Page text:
After the exclusionary period, if a policyholder dies by suicide, the policy usually pays a death benefit to the beneficiary just as it would for death from any other insurable cause.

A policyholder’s suicide during the exclusionary period provides no payout of the death benefit. Very often, however, life insurers pay out the amount of premiums paid on the policy minus any premiums owed before the policyholder’s death. Insurers can also subtract loan amounts on any death benefit payout on permanent policies.

What do you do if your life insurance claim is denied?

If the life insurance provider suspects that the insured died by suicide or another uninsurable cause during the exclusionary period, it has the right to contest or deny the claim. But, as the beneficiary, you may also contest the insurer’s decision, although doing so successfully may require some preparation on your part.

1. Wait for confirmation of claim denial

Life insurers typically defer to law enforcement or to medical examiners to declare an insured’s cause of death. But, if the company has reason to believe that the insured’s cause of death would void a beneficiary’s claim to the death benefit, it may undertake its own investigation. During the investigation, the insurance provider might consider the following relevant information:

  • Autopsy report
  • Death certificate
  • Drug or alcohol abuse
  • Evidence of illegal behavior
  • Family and friends or witness testimony
  • Health history and medications, including psychiatric records
  • Possible suicide note
  • Weapons purchases

After it concludes its investigation, the insurer will generally issue a claims denial letter that states its reason for denying the death benefit. If you intend to dispute the insurer’s decision, this claims denial letter may be useful during the appeals process.

2. Check the insured’s application for misrepresentations

Misrepresentations are a common reason why life insurance claims are denied. Typically, misrepresentations refer to personal characteristics that the insured fails to disclose to their life insurance provider when they applied for coverage. For example, if the insured is a lifelong smoker or has a chronic condition like a heart murmur, but does not inform their provider of these conditions when opening their policy and the provider discovers them during its investigation, it could be grounds for claims denial.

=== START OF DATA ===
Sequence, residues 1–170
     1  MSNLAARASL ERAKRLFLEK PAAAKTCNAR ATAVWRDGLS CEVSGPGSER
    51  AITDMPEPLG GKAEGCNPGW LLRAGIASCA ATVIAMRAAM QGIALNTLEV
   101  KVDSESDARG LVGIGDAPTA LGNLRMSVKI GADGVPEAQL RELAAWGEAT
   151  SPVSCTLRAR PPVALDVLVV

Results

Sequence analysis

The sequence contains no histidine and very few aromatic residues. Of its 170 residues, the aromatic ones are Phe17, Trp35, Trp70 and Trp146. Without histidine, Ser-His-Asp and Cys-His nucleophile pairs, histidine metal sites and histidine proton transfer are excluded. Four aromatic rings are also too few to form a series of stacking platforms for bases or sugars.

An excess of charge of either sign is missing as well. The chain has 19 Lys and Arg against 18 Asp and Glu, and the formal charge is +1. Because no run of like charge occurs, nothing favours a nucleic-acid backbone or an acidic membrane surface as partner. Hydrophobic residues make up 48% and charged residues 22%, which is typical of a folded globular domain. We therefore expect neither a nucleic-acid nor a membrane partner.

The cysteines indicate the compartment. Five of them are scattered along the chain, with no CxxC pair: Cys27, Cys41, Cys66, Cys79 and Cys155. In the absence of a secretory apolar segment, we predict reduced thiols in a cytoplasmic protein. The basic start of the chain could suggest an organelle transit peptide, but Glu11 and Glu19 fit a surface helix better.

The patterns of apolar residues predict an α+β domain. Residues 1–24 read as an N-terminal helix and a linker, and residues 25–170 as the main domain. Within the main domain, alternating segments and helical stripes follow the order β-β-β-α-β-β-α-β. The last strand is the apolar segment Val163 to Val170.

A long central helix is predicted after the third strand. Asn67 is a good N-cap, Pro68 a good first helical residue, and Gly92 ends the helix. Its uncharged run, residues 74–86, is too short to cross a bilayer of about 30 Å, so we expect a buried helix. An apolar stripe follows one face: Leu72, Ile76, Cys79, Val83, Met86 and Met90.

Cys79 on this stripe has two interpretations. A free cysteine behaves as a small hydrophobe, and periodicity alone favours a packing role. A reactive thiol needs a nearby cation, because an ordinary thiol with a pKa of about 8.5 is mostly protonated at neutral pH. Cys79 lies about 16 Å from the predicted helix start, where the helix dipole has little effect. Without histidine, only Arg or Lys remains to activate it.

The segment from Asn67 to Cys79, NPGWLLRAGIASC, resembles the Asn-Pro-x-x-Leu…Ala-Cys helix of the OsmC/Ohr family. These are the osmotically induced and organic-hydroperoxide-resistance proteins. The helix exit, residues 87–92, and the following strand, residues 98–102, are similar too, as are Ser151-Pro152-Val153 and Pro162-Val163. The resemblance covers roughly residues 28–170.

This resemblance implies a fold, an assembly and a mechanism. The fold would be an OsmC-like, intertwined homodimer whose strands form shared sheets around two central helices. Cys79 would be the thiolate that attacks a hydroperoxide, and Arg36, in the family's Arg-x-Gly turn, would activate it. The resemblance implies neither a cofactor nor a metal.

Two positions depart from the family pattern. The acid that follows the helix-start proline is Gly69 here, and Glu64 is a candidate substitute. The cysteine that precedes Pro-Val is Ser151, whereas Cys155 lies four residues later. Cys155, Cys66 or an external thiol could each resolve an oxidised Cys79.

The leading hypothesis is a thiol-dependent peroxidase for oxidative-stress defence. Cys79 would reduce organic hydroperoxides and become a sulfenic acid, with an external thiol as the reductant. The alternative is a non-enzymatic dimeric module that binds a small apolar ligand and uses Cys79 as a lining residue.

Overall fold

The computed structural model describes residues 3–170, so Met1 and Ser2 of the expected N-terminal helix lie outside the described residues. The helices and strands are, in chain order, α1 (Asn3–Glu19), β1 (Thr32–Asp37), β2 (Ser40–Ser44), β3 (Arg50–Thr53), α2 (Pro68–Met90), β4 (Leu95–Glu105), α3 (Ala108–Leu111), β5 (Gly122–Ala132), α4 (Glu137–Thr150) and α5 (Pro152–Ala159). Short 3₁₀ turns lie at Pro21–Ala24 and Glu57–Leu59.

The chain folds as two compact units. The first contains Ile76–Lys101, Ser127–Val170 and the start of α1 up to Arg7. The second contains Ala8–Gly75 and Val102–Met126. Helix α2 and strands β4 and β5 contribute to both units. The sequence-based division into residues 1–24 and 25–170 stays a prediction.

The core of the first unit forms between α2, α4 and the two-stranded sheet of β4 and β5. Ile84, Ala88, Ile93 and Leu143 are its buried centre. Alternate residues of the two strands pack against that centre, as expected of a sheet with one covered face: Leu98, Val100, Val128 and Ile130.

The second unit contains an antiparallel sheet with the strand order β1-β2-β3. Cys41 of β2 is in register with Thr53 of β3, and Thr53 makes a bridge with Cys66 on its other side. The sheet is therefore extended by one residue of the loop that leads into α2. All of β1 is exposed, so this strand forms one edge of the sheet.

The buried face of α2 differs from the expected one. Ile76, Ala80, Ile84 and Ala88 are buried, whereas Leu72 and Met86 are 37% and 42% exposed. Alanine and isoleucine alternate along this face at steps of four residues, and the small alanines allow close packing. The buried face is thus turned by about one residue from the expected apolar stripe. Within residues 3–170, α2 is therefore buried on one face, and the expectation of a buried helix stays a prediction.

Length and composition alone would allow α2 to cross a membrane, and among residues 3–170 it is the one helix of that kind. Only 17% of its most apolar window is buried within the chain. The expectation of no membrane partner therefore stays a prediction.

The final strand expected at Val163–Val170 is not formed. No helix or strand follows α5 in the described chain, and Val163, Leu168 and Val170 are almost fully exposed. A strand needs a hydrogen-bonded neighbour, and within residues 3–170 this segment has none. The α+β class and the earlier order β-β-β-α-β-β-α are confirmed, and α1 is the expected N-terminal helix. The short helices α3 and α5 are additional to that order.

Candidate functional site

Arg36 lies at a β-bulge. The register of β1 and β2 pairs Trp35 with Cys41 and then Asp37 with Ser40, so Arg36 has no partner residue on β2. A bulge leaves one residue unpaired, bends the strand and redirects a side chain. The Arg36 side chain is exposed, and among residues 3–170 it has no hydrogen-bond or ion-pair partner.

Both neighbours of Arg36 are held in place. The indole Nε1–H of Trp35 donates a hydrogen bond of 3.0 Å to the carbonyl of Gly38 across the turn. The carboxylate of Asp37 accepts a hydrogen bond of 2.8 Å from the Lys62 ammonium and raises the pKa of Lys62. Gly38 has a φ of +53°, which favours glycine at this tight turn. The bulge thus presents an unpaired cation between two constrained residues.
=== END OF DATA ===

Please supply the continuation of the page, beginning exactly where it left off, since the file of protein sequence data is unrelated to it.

As the beneficiary, if your claim to the death benefit was denied, it may be helpful to review the insured’s initial life insurance application to look for misrepresentations. Keep in mind that denials do not always pertain to health; inaccurate information about the insured’s income level and immigration status could also render an insured’s life insurance policy void.

3. Consult state laws

Some states’ insurance regulations provide protections to beneficiaries. Check the applicable state laws around life insurance contestability and determine rules around exclusionary periods. States also impose varying restrictions around contesting contracts, which limits the window to overturn a denial. Additionally, some states restrict the application of new suicide clauses in converted policies.

4. Gather relevant materials and contact the insurance provider

Contacting the insured’s life insurance provider directly can be an effective way to go about the appeals process. Having relevant materials on hand such as proof of premium payments, medical documents or possibly even an autopsy report may help move the process along. Generally, the life insurance provider will communicate which documents it needs from beneficiaries in order to begin the appeals process.

Frequently asked questions

    • The best life insurance policy will depend on the needs of each individual policyholder. Term life policies provide coverage for short periods of time, typically between five and 30 years. Whole life (permanent) policies, on the other hand, provide coverage through the end of the insured’s life as long as premiums are paid. Talking to an insurance agent or financial planner may help you determine the best coverage type for your needs.
    • Life insurance policies can often be paid in monthly installments or in annual payments. Different insurers offer a variety of plans. The cost of life insurance varies depending on each policyholder’s specific circumstances and amount of coverage they choose.
    • If a person is deemed terminally ill, they may have the option to legally and voluntarily end their life on their own terms. Although “death with dignity” is allowed in several states, it could still be deemed a suicide by a life insurance provider if it occurs during the exclusionary period. In this instance, it is best to review the insured’s policy in-depth and contact a licensed life insurance agent to verify if the policy will pay out a death benefit in these circumstances.